Supporters of the current process, though, are critical of opponents. Both Mayor Matti Bower and Stuart Blumberg, founder and former president and CEO of the Greater Miami & The Beaches Hotel Association have criticized Wolfson in the Herald.
Commissioner Michael Gongora struck a more statesman-like position in talking to SunPost.
“This surprise move is bound to further erode public confidence in the city commission. projects I will vote on,” Gongora said. “As with any vote, I have listened and observed every aspect of this project. Unfortunately, we have lost sight of our ultimate goal because of distractions from outside of this process. As a commissioner, we are elected to work within the process. Commission meetings are the purest form of democracy in action. It is a problem when a colleague who did not prevail in a commission vote seeks to advance their personal political agenda outside the regular process. My goal has always been to provide a convention center that is in the best interests of the residents of Miami Beach.”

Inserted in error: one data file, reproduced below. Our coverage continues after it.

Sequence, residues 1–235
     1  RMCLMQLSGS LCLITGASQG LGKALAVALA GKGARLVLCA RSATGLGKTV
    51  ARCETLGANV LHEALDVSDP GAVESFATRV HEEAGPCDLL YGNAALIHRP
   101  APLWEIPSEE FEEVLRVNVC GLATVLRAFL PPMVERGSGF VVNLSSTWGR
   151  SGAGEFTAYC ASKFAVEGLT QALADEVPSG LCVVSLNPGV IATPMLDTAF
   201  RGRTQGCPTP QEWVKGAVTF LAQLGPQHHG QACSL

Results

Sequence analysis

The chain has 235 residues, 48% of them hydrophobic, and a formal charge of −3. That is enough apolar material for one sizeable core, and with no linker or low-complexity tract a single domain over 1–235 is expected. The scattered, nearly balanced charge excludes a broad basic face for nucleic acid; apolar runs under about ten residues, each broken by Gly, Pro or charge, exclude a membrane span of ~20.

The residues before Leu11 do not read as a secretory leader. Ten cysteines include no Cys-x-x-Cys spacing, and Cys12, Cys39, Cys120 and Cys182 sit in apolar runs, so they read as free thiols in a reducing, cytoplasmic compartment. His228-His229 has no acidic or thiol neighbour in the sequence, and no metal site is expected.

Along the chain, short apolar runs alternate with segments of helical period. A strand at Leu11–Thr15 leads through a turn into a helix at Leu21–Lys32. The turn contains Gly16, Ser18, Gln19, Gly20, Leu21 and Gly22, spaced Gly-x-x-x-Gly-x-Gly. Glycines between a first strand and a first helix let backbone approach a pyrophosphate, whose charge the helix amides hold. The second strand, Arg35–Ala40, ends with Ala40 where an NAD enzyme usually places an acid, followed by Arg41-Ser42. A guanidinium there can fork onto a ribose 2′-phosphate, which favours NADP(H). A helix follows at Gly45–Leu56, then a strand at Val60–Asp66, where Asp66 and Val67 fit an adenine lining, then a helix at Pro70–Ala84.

Complicating the debate, and likely to fire the flames of playing politics allegations, is Wolfson’s acknowledgement in the Herald article that the Let Miami Beach Decide PAC is so far entirely funded by the Fontainebleau. The Fontainebleau was included in one of the teams bidding on the project but did not make it to the final round, which includes two groups now.
Off the record, sources close to the process and in city hall have intimated that unhappy, unsuccessful bidders are behind the various efforts to slow or stop the redevelopment project.
However, whether the bone of contention is political or procedural, recent challenges to the city’s redevelopment effort have officials busy. Mayor Matti Bower did not respond to several requests for comments on the topic. Nor did the Miami Beach City Attorney’s office respond to requests for clarification on the potential impact of the Wolfson petition and the possibility of its approval, as of press time.
But just as SunPost prepared to go to press, documents were provided illustrating that Bower had placed an Emergency discussion item on Wednesday’s commission agenda with no prior public notice or availability, including to commissioners, and at the last minute, that would instruct the city attorney to draft two straw ballot questions regarding Convention Center development on the November 5, 2013 ballot.
“This surprise move is bound to further erode public confidence in the city commission,” Del Vecchio said.